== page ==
Q&A: Why Are We Seeing an Early Flush of Volunteer Wheat

Q&A: Why Are We Seeing an Early Flush of Volunteer Wheat

June 29, 2012

Q 

Extension Educators Paul Hay, Randy Pryor, and Jenny Rees from southeast and south central Nebraska are working with producers who are reporting volunteer wheat in soybeans and sudex planted on wheat stubble fields. Normally hard red winter wheat would have had a fairly strong dormant stage of three to four weeks after harvest when it won't germinate. This year growers are seeing something different. What's causing this?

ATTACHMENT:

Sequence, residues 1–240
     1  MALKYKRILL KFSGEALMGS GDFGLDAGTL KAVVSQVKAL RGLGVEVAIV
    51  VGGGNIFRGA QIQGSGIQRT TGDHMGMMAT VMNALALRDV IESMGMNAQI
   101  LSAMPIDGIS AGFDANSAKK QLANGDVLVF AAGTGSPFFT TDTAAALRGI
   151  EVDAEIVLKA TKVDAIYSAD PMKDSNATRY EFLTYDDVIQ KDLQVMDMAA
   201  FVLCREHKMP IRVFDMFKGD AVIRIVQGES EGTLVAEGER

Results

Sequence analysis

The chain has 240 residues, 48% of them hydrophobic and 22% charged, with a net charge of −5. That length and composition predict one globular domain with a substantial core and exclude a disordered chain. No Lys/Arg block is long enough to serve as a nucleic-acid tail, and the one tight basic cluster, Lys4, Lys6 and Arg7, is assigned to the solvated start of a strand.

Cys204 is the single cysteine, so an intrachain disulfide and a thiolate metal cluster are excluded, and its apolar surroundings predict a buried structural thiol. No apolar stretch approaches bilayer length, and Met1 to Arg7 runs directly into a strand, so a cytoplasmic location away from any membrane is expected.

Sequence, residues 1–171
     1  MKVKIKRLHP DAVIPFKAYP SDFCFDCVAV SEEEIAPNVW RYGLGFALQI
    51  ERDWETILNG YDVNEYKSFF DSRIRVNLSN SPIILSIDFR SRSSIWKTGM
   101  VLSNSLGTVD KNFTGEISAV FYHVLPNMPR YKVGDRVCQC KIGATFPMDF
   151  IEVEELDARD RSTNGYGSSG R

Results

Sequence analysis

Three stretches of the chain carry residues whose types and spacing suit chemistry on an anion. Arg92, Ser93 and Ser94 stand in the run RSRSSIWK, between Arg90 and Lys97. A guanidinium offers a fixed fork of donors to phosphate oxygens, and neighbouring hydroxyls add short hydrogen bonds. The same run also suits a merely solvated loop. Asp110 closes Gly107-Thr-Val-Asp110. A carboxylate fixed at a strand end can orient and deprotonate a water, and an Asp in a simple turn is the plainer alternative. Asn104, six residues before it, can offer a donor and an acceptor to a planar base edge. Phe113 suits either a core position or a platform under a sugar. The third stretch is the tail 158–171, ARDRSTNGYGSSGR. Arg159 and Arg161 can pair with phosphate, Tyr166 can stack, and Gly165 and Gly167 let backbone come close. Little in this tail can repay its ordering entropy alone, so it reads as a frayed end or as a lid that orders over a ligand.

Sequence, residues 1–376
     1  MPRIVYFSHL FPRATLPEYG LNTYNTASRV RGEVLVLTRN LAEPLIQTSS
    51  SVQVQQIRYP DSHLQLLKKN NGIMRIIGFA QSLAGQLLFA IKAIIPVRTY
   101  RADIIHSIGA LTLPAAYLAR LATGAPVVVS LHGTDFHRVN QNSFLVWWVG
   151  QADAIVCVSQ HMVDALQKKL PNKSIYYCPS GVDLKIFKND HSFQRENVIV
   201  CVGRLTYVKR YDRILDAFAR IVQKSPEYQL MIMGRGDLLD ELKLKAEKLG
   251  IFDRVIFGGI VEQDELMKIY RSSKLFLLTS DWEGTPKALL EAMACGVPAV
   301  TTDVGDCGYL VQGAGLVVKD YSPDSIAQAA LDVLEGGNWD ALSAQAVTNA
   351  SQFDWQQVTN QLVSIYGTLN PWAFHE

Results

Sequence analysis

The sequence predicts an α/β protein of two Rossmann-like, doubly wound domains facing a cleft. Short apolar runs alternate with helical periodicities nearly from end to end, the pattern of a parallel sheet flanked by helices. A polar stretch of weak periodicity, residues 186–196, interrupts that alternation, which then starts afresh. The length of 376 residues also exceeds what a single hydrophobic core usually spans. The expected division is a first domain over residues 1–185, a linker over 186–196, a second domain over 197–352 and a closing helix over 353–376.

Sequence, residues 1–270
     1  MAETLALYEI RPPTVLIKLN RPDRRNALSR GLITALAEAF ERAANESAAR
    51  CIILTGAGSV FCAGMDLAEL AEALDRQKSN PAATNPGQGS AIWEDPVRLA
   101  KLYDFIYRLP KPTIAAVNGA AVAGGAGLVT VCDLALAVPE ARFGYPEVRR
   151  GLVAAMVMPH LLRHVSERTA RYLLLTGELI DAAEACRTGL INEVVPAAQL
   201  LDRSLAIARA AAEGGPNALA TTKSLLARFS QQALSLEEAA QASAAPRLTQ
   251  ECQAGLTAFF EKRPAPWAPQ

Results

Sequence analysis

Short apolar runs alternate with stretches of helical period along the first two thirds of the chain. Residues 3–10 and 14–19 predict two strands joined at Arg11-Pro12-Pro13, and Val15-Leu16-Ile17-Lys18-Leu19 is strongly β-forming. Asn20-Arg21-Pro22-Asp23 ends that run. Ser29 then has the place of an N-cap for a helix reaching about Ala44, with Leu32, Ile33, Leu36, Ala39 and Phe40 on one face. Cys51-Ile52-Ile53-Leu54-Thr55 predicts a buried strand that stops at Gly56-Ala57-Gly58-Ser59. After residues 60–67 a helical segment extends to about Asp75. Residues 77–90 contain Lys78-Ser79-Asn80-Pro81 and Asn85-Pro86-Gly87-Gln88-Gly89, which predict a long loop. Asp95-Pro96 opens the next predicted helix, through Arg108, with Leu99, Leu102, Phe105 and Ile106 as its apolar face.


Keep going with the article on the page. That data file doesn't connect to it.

A

Stephen Baenziger, UNL wheat breeder and professor of agronomy and horticulture, responds:  My guess is that you are describing wheat that was harvested this year and then followed by double cropped soybeans. It's likely the wheat line was one that can sprout easily and has a low level of dormancy. (The breeding backgrounds of some wheat lines, such as white wheat and soft wheat, don't have a strong a dormancy factor.) It also may be that the lines finished so quickly that the normal dormancy process did not complete its cycle. One way of tricking a dormant line is to harvest it early before the dormancy "sets in." Dormancy is often a late process in kernel development, so if the kernel fills very quickly, maybe dormancy did not fully develop.